Learning Social Cues Through Daily Activities
Interpersonal intelligence is one of the Multiple Intelligences taught by Professor Thomas Armstrong. This is the ability to interact effectively with others. It includes being sensitive to others’ moods, feelings, temperaments, and motivations. In more common terms, it is known as the gift in understanding social cues.
Children with social skills or the gift in understanding social cues are those who can connect with people easily while understanding people’s motivations and intentions. They have good communication skills, and they understand non-verbal social cues. They are generally unbiased and can look at situations from different perspectives. They can easily read others’ moods and act accordingly. They are also team players, but they also have excellent negotiation and leadership skills. They’re not necessarily extroverts because introverts can have such gift as well.
Unfortunately, having the gift in understanding social cues tends to go under most parents’ radar in favor of other gifts, when in fact, helping your child interact is one of the most important things you can do to ensure he grows up to have healthy relationships with others. Here are a few ways to have fun while nurturing this gift:
Board games involve collaboration with other players. They encourage your child to communicate in unusual and uncomfortable ways, or to take giant lateral leaps in thinking while strengthening his connection with others.
Games like Pictionary require both observation and empathy as your child thinks of what he can quickly draw that his teammates will understand. Playing Clue helps sharpen his reasoning skills, while Cranium reminds him that everyone has unique strengths. Mafia and One Night Ultimate Werewolf teach him how to read people’s behavior to see whether they’re lying. Not Parent Approved (a child-friendly version of Cards Against Humanity) is a game of empathy, because it’s a test on how well he can read people and choose a card that appeals to sensibilities.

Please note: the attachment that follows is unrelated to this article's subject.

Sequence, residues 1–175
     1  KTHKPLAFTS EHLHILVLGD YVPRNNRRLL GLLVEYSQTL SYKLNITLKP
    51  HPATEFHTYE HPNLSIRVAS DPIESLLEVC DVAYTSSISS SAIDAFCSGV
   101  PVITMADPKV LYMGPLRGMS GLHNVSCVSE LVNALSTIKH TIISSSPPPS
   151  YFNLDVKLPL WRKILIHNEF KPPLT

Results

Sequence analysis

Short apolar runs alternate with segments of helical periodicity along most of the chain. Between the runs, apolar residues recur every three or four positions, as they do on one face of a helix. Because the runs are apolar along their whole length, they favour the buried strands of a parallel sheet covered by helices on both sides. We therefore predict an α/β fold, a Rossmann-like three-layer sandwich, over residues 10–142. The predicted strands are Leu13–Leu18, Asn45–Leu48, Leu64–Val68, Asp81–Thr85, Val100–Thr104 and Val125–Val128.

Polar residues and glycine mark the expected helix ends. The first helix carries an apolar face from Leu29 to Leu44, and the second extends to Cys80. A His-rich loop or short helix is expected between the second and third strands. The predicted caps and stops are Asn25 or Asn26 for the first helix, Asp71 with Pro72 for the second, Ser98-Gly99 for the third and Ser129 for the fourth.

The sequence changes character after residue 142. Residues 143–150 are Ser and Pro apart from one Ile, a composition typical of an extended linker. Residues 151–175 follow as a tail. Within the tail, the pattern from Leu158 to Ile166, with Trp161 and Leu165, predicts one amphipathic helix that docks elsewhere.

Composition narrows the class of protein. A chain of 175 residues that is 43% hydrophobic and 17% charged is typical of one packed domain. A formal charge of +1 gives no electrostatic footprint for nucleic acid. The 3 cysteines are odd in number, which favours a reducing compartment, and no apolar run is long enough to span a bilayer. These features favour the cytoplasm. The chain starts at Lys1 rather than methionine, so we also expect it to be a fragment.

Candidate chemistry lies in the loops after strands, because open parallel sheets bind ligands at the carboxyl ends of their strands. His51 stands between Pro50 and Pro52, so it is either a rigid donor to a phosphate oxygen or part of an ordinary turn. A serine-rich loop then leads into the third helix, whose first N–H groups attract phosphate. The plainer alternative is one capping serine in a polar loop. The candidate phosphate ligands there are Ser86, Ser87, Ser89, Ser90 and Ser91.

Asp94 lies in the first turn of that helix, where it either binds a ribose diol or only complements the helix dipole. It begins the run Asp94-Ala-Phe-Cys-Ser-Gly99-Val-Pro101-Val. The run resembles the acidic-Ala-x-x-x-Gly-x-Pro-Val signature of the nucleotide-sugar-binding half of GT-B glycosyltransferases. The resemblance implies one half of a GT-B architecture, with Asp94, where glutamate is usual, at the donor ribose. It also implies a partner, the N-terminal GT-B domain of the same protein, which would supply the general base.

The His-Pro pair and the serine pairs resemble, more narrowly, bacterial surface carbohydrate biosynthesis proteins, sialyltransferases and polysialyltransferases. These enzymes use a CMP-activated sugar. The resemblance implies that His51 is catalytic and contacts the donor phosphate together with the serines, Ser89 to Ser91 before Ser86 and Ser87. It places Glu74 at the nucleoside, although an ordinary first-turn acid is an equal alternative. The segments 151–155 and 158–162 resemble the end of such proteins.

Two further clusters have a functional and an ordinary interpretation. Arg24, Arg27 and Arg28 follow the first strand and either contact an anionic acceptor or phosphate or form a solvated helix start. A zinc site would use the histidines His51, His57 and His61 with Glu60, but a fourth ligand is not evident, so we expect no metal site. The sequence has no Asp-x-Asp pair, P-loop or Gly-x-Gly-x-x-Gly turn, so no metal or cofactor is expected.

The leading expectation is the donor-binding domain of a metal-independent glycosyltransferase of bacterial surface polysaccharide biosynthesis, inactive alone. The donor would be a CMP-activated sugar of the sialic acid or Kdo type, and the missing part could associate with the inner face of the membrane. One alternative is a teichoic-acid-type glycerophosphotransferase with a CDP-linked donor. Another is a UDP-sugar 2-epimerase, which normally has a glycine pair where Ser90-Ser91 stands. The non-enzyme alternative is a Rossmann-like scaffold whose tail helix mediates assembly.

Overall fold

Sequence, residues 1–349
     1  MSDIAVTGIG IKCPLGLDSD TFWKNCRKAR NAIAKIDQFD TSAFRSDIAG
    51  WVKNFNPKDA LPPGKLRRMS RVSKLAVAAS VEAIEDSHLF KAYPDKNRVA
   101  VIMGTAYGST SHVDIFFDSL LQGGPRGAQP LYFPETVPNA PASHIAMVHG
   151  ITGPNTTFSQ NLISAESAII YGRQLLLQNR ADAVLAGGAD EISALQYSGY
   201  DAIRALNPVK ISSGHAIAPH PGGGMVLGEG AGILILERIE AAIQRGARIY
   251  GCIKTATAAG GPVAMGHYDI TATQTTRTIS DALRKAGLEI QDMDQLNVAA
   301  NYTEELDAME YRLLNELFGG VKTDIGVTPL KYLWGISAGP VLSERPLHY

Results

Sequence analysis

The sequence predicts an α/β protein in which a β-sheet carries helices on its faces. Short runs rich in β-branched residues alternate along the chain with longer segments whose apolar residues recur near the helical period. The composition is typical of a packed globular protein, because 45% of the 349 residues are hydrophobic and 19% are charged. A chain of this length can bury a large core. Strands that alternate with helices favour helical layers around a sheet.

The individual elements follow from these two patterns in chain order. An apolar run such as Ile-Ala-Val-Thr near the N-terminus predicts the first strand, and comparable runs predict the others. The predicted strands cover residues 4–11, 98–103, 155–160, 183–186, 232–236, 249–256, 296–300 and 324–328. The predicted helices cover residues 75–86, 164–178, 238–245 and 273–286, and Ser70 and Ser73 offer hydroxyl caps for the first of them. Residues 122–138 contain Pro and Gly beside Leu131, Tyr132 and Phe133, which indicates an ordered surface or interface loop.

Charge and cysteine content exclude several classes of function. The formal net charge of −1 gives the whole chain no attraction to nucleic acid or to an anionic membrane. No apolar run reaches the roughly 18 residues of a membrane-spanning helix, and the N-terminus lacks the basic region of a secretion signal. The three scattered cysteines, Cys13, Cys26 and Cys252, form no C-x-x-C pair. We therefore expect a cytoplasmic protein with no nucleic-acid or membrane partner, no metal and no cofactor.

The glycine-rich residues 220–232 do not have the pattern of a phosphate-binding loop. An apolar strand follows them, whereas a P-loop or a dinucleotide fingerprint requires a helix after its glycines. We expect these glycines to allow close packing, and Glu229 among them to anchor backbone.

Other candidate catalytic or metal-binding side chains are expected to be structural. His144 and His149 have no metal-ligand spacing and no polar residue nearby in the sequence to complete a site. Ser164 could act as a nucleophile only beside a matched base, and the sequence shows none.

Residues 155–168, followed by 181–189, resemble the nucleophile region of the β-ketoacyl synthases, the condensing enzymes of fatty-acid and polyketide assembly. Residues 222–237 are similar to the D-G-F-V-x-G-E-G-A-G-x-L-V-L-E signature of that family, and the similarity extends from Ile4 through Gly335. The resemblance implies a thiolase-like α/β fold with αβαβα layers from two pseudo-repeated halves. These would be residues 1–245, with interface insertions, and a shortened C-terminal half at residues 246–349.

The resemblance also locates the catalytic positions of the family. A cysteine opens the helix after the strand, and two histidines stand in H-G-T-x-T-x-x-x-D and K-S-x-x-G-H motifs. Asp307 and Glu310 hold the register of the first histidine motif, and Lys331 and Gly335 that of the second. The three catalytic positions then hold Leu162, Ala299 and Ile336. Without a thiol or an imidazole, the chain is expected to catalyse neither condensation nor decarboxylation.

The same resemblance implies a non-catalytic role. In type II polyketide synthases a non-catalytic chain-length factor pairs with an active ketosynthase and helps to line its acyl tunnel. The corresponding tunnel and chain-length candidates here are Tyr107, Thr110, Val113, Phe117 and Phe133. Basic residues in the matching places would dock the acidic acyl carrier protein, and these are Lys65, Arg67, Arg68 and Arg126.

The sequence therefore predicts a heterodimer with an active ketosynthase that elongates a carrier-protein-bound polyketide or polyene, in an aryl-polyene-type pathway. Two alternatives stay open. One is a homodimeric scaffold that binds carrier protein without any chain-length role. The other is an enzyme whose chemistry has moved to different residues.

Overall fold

You can get your child involved with a good cause early in life. It can be something as simple as collecting donations for a local charity that your family supports. These kinds of activities teach him coordination, initiative, organization, and leadership skills. He also learns to interact and communicate with different people outside his usual social circles and how to deal with them.
Your child enjoys playing with his peers, so playing team-building games is a good way to get him to socialize while nurturing important communication skills. Games like Leader of the Blindfolded helps with leadership, as it is up to the leader to guide the group of blindfolded children across the room with clear and easy-to-understand commands. Red Light, Green Light is great for teaching patience and strategic thinking. After all, your child needs to rein in his impulse to run forward if he wants to win. Relay games are an excellent team building activity, as he has to work with a team to finish first.
Your child’s gift in in understanding social cues can help him succeed in life, so let him learn to socialize while having fun! If he has the tendency to interrupt, use a conversation ball. During conversations, only the person holding the ball is allowed to speak. You may provide a consequence for anyone who breaks the rule. A child who struggles with confidence can benefit from games that encourage him to appreciate himself like This is Me. Playing 20 Questions encourages him to ask direct questions to get answers.
As your child grows, continue helping him learn different social cues, so he can understand the basics of interacting and having a healthy relationship with others.
For your child’s development, make sure he gets the nutrition he needs as well alongside a balanced diet and healthy lifestyle to support proper growth and mental development.
PROMIL® FOUR is a powdered formula milk drink for children over 3 years old. It is not suitable for use as a breast milk substitute.
- Multiple intelligences in the classroom 3rd ed by Thomas Armstrong